Spring is the story of a shepherd girl and her dog, who face ancient spirits in order to continue the cycle of life. This poetic and visually stunning short film was written and directed by... See full summary »
Mr Hublot is a withdrawn, idiosyncratic character with OCD, scared of change and the outside world. Robot Pet's arrival turns his life upside down: he has to share his home with this very invasive companion.
The two main characters are on a journey in the folds of a giant Machine, exploring the twisted and dark complex of wires, gears and cogs. Until one moment a conflict arises that throws out all their assumptions. This movie short couples lively fun with passionate characters in an epic story line.Written by
Winner of award for "Best Use of CGI with Linux/Open Source" at the UK Linux and Open Source Awards 2006. Losing nominees in this category were Dreamworks' Over the Hedge and Sony/Imageworks' Monster House. See more »
Emo, why? Emo... why? Why can't you see the beauty of this place? The-the way it works? How... how perfect it is?
No, Proog. I don't see. I don't see because there's nothing there. And why should I trust my life to something that isn't there?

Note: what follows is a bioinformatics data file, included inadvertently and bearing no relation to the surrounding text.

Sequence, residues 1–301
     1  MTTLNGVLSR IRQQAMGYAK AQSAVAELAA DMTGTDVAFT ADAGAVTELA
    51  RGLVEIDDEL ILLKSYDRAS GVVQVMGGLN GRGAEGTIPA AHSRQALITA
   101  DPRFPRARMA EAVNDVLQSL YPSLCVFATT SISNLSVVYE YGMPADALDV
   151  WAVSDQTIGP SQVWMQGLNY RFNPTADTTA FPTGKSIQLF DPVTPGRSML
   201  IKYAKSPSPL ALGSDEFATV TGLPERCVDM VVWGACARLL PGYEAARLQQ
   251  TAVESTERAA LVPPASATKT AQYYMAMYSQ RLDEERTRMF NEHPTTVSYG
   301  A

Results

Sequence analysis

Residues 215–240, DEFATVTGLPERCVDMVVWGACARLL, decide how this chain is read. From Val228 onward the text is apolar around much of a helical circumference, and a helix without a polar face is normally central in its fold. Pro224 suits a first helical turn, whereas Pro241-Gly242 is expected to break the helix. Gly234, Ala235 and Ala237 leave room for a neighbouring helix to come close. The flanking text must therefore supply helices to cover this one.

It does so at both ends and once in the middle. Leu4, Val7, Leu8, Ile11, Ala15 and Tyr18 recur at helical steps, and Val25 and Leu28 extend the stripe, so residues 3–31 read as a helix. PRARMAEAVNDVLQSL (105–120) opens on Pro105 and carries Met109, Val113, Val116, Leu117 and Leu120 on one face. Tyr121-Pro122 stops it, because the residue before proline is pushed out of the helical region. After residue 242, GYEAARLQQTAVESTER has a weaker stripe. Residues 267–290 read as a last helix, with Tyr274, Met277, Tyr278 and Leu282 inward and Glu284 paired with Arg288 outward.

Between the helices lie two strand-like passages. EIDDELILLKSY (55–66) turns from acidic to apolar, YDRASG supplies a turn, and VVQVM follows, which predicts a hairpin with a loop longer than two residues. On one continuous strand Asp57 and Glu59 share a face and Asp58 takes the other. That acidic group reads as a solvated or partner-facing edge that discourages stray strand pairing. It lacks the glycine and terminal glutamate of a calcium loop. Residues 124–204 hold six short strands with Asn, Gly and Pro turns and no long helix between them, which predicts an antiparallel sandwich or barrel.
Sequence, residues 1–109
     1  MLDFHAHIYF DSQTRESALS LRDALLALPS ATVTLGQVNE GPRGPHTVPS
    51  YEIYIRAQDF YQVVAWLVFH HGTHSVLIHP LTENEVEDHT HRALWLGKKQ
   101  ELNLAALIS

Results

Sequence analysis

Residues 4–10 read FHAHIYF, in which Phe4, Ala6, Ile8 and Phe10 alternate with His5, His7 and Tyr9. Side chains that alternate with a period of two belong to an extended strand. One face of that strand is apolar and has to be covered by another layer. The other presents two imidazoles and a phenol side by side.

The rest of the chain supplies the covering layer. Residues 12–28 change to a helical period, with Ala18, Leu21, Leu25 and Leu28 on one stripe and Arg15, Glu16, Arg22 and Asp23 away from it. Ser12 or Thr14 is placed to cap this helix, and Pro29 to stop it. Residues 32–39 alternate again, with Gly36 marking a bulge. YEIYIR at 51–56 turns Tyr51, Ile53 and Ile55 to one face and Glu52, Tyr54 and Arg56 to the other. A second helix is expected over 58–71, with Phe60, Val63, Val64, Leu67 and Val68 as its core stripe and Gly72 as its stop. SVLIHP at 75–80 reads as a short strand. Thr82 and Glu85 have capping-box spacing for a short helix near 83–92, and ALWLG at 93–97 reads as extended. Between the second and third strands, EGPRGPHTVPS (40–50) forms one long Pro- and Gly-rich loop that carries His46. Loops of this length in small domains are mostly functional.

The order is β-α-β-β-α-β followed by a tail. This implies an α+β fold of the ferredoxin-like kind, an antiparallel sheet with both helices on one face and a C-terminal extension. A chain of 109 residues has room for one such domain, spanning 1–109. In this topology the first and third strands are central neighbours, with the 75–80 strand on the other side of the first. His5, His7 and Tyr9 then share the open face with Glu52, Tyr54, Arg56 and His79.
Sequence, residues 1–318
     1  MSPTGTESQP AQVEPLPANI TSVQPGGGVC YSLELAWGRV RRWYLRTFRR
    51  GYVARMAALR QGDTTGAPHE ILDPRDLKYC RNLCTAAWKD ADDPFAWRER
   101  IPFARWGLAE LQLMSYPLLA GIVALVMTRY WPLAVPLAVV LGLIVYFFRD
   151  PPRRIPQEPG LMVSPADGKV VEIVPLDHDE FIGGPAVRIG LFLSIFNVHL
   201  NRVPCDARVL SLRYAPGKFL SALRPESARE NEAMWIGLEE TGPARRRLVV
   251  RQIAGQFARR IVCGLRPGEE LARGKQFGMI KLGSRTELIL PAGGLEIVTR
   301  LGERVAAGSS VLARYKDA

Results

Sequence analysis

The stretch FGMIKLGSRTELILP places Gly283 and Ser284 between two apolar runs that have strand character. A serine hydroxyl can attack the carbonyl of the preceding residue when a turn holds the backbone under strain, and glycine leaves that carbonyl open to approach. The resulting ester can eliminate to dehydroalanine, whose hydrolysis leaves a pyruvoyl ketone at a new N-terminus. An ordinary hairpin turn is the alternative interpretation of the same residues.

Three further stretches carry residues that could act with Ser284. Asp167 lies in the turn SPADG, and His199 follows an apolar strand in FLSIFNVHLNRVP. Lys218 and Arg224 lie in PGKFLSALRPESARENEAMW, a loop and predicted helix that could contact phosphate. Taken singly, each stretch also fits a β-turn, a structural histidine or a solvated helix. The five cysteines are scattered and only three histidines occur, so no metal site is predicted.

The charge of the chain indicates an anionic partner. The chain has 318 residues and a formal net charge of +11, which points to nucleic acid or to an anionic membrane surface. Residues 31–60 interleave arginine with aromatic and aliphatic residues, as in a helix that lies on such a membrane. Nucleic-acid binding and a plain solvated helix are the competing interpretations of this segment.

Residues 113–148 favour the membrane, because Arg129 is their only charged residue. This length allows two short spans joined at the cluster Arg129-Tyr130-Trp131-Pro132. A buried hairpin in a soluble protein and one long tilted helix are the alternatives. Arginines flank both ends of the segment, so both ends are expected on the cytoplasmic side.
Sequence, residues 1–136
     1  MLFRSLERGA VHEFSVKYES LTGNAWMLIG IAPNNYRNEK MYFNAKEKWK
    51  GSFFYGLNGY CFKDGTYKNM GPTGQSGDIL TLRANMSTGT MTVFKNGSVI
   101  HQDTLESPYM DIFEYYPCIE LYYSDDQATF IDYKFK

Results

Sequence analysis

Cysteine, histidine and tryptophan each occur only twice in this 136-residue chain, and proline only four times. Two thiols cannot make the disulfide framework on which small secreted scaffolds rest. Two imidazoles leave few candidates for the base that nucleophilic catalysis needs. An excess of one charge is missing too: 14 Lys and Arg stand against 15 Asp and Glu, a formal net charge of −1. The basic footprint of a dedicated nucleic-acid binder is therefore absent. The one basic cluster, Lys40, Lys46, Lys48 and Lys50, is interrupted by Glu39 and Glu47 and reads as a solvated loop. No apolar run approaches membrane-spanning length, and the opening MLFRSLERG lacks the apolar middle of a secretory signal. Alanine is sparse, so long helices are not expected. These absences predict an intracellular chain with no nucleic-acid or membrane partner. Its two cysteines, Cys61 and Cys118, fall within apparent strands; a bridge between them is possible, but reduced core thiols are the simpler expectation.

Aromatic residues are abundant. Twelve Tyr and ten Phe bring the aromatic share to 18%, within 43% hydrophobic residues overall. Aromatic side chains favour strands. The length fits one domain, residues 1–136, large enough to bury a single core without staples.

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A success for the free (as in freedom) software and open-source community
Considering this is a low-budget film made entirely with free and open-source software this is an impressive success. The technological successes made with this film can not be denied and is a testament to the suitability of free software and open source in serious projects. The movie itself was also released with an open license allowing anyone to redistribute or modify the movie as they please.
Clearly, this movie was intended to say something about copyright from the way it was created to the way it was released. It would not seem much of a leap to suspect that the movie itself might also have this intention. It is with this context I feel the movie must be watched.
At first blush this movie's story is extremely confusing. It has an extremely abstract feel and seems to make no sense at all. It is here that context helps; knowing that the makers want to speak to their audience about copyright guides us to look for this message in its metaphors.
I think the important places in this movie to look for meaning in this context include: the complexity of the machine and what it represents; what Emo and Proog represent, particularly the contrast in how Emo and Proog respond to the machine differently; what the "danger" might represent; and how each scene might be speaking about some specific use of copyright, patent or other legal restriction in some abstract fashion.
Regardless, without this preliminary context the movie seems completely pointless and baffling. Though I think it may be seen as a masterpiece to those who understand and appreciate it it offers very little but eye candy to anyone else. This failure to communicate its message to anyone who doesn't already know the message is something I consider a failing of this film. -2 stars from the otherwise 10 for this disappointment.
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